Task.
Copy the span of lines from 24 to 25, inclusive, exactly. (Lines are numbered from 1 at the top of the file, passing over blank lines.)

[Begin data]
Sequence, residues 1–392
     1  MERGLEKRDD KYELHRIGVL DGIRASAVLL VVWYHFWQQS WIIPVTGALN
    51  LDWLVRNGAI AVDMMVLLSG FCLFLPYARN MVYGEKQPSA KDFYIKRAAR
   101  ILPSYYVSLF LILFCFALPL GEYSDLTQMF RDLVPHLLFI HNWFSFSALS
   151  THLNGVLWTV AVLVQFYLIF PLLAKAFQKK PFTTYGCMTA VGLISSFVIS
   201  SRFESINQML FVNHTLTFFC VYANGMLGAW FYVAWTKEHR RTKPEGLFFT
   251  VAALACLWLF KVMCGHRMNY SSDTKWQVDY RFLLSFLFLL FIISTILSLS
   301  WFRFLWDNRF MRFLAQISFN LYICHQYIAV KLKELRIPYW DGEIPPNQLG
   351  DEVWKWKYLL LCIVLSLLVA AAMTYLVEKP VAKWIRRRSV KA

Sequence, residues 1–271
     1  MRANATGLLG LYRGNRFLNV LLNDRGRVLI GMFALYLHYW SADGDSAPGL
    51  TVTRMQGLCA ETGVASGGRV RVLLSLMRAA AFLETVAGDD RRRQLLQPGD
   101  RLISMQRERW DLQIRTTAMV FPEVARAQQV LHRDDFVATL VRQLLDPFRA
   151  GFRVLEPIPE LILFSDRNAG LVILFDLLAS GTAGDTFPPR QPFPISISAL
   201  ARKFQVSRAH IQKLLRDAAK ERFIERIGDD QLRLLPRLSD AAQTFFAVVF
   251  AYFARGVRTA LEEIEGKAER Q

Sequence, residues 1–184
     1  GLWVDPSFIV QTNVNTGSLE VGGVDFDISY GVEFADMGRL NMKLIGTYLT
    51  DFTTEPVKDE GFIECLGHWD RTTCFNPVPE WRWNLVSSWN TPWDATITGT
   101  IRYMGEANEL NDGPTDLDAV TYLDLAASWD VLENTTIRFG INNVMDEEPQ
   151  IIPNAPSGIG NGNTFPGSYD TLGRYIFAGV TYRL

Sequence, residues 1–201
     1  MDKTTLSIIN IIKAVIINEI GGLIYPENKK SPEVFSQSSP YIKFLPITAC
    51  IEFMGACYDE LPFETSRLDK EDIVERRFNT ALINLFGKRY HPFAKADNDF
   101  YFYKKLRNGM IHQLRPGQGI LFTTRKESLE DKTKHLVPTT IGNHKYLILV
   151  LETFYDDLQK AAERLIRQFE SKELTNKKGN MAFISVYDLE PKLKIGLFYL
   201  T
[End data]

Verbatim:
    51  IEFMGACYDE LPFETSRLDK EDIVERRFNT ALINLFGKRY HPFAKADNDF
   101  YFYKKLRNGM IHQLRPGQGI LFTTRKESLE DKTKHLVPTT IGNHKYLILV